‘I Need a Bob’: The Man Who Helped Dwyane Wade Pioneer Content Ownership

    • Bob Metelus went from part-time photographer to full-time studio owner and director with an A-list clientele - all of which started with his work with Wade.
    • “[Bob’s] the kind of person who can walk into a room and not know anybody and leave knowing 20 people and feel like he’s known them his whole life,” Wade says.

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Chris Paul said it first. Jimmy Butler said it next. 

Carmelo Anthony, Udonis Haslem, Serena Williams and more eventually decided it for themselves too. 

“I need a Bob.”

They didn’t need any Bob, though, they needed Bob Metelus – photographer, cinematographer, director, producer and above all, he says, “storyteller.” The problem was, this Bob was taken. He was Dwyane Wade’s.

The Miami-based photographer and South Florida native built a brand around his name largely through his work with Wade, although today it extends far beyond the retired Heat hero. The photos Metelus had taken of Paul, Anthony and others when they’d spent time with Wade made an impression – on Jordan Brand trips or at All-Star games or wherever else the pair wound up in a given year. 

And as word spread about Metelus’s fly on the wall verité and his uncanny ability to capture the most candid and intimate of moments without intruding, so too did his clientele. Wade, although still the focus of most of Metelus’s work over the last decade, was willing to share, encouraging Metelus to take on new projects and grow his business.

Metelus remembers the moment Paul called him and said it – it was his birthday.

It was also the day that Metelus, the man behind the ‘D. Wade: Life Unexpected’ documentary that aired on ESPN in February, realized that his work could be bigger than Wade, if that were possible.

“Chris called me and was like, ‘Yo bro, I need a Bob in my life,” Metelus recalls, the humility hanging off every word. “‘I need a Bob to do what you do for D for me.’ Then with Jimmy, same idea. He saw me around in the locker room when Dwyane was in Chicago and he was like, ‘I need a Bob, too.’ To be known as [that] kind of person, that was really something.”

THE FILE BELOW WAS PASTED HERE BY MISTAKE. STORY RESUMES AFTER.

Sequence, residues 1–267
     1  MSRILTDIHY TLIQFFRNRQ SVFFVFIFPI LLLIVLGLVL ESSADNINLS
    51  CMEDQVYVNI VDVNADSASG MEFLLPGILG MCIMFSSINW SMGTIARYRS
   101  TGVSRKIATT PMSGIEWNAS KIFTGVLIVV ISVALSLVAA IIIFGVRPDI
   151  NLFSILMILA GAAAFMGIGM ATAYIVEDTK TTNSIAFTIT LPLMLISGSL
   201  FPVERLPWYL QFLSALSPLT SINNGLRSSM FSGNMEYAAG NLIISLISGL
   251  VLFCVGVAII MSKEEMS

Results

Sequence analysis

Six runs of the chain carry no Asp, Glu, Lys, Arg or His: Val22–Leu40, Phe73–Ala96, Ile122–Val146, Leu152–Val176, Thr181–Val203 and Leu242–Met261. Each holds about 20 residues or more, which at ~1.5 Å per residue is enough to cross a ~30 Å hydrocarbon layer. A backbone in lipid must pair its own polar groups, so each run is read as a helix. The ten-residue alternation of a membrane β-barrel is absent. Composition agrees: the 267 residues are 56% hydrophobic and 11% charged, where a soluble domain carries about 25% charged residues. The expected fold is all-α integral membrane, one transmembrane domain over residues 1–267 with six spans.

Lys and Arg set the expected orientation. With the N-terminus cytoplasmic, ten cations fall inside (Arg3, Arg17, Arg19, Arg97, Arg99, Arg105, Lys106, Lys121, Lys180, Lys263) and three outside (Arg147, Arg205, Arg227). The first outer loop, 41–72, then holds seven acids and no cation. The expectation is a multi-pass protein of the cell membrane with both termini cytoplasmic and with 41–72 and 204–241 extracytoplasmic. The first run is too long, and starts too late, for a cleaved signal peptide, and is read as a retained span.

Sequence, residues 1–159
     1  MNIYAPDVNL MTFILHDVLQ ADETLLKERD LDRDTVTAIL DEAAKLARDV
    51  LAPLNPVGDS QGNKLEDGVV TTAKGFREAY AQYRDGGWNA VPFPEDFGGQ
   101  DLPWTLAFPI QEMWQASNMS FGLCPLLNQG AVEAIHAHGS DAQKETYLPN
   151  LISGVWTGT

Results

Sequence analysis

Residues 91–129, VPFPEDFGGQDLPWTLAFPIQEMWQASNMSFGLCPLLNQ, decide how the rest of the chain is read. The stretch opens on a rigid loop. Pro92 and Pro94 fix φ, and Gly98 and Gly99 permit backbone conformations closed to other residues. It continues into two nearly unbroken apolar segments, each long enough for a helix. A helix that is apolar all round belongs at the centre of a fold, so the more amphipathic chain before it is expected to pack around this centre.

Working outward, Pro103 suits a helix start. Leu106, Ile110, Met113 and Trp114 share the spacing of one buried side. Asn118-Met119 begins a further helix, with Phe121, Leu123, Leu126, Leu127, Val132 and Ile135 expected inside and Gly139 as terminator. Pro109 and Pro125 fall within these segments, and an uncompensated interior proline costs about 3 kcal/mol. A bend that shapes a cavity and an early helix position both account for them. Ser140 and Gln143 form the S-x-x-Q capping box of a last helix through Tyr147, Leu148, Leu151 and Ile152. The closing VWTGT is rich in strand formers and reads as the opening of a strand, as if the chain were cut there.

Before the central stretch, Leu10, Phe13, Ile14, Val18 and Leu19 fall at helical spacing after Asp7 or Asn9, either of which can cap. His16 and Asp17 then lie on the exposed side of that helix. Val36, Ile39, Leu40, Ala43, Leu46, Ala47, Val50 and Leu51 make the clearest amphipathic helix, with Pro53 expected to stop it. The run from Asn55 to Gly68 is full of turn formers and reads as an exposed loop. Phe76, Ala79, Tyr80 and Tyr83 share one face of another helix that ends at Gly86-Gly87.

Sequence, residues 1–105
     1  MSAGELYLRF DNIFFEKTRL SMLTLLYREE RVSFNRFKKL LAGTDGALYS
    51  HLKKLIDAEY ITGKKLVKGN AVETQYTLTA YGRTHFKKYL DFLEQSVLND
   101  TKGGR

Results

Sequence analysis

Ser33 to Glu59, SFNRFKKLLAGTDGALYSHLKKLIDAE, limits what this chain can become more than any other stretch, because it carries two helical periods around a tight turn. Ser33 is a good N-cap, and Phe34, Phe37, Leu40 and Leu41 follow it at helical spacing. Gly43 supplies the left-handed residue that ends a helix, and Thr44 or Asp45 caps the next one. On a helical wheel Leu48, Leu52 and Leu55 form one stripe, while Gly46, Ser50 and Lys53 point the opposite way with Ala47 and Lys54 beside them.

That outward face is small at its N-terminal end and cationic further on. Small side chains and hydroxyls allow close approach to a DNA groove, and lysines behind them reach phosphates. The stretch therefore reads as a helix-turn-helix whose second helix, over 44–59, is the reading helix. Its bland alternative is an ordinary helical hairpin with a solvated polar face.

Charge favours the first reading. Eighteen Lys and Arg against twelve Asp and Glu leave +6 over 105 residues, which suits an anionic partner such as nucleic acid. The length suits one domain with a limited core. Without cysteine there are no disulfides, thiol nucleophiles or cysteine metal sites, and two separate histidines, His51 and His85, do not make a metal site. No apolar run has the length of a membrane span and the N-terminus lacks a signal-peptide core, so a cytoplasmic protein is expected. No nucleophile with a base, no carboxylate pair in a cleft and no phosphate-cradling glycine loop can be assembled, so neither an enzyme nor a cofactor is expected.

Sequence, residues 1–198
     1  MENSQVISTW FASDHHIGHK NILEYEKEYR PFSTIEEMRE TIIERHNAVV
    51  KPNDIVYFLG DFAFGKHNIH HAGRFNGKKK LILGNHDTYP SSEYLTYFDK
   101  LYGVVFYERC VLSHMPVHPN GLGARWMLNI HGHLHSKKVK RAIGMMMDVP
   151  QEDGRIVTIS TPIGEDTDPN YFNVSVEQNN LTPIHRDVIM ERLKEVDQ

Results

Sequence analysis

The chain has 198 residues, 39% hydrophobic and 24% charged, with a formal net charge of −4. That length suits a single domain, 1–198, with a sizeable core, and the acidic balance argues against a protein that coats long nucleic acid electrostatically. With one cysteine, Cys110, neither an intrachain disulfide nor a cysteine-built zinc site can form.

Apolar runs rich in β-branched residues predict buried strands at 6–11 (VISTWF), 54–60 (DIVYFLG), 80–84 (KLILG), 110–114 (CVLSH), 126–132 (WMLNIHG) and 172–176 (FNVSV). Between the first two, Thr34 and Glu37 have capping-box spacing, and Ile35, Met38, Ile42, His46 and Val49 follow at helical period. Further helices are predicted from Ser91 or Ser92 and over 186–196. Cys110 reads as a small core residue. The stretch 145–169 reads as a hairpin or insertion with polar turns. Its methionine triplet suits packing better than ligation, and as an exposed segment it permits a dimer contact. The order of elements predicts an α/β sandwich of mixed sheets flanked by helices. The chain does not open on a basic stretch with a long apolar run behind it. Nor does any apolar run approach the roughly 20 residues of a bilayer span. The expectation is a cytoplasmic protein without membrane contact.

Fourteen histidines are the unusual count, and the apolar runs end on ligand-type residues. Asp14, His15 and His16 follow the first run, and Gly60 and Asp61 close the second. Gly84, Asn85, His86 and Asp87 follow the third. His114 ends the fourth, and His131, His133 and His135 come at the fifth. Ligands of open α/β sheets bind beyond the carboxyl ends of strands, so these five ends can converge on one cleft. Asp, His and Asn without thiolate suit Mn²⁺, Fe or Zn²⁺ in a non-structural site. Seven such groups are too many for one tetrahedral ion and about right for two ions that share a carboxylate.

Metelus couldn’t have imagined any of this, he says, when he began photographing Wade’s life in 2008 while still working a full-time sales job. A decade, a wedding, and two kids later, he’s now built an entire business out of that beginning. 

Metelus is the man everyone wants to work with.

Wade says it started with a photo on an airplane. Metelus says it started with a PowerPoint presentation. But both still marvel at how Metelus’s role as Wade’s right-hand archival man ultimately turned into a full-time career in photography and cinematography and birthed his eponymous studio.

“When I saw the documentary and it said ‘Directed by Bob Metelus,’ it was like wow – look at where we came from,” Wade says. “One photo [and] that’s how this whole thing started. I didn’t know he was shooting and he showed me and I was like ‘Oh, that’s dope.’ And he was like, ‘Man, we should do this more often.’ And now he’s directing my documentary.”

Metelus met Wade through his now-wife, Lisa, who was – and still is – Wade’s business manager when she and Metelus started dating. And while that bit of happenstance opened the doors, it was a sales pitch that sealed the deal.

His passion for photography started at a young age and extended into adulthood when Metelus started shooting weddings and events in South Florida outside of his 9-5 in 1998. He’d done some editorial work here and there, photographing for a few news outlets around the Super Bowl in 1999, but working with Wade was what he wanted.

And he wanted Wade to know he was serious about taking his part-time passion for photography one step further.

Metelus wrote a proposal for Wade’s team. The PowerPoint presentation outlined not only why he should be the one to shoot Wade’s life but why Wade needed the most intimate details of his already very public life captured in the first place. 

“This is kind of like a thing in sales, where you gotta show someone they can’t live without something,” Metelus says. “You need to capture your life because someone’s gotta do it. And [it] might as well be me because you know me.”

Metelus used the photographs he’d shot for Wade over the last year since they’d met through Lisa to pitch himself as the right person, listing moments in Wade’s life he thought should be caught on camera, and including moments he’d already captured through the lens of their existing friendship.

“There’s no one capturing it [now] and if you don’t shoot it, someone else is going to shoot it and own it,” Metelus says. “The idea, as easy as you think that is now for someone to say, ‘Of course I want to own my own content,’ – was new then. You had Muhammad Ali, but you only had a couple of guys who may have done it. That’s what I sold him on: owning your own.”

The time he took to craft the pitch didn’t go unnoticed by Wade’s team.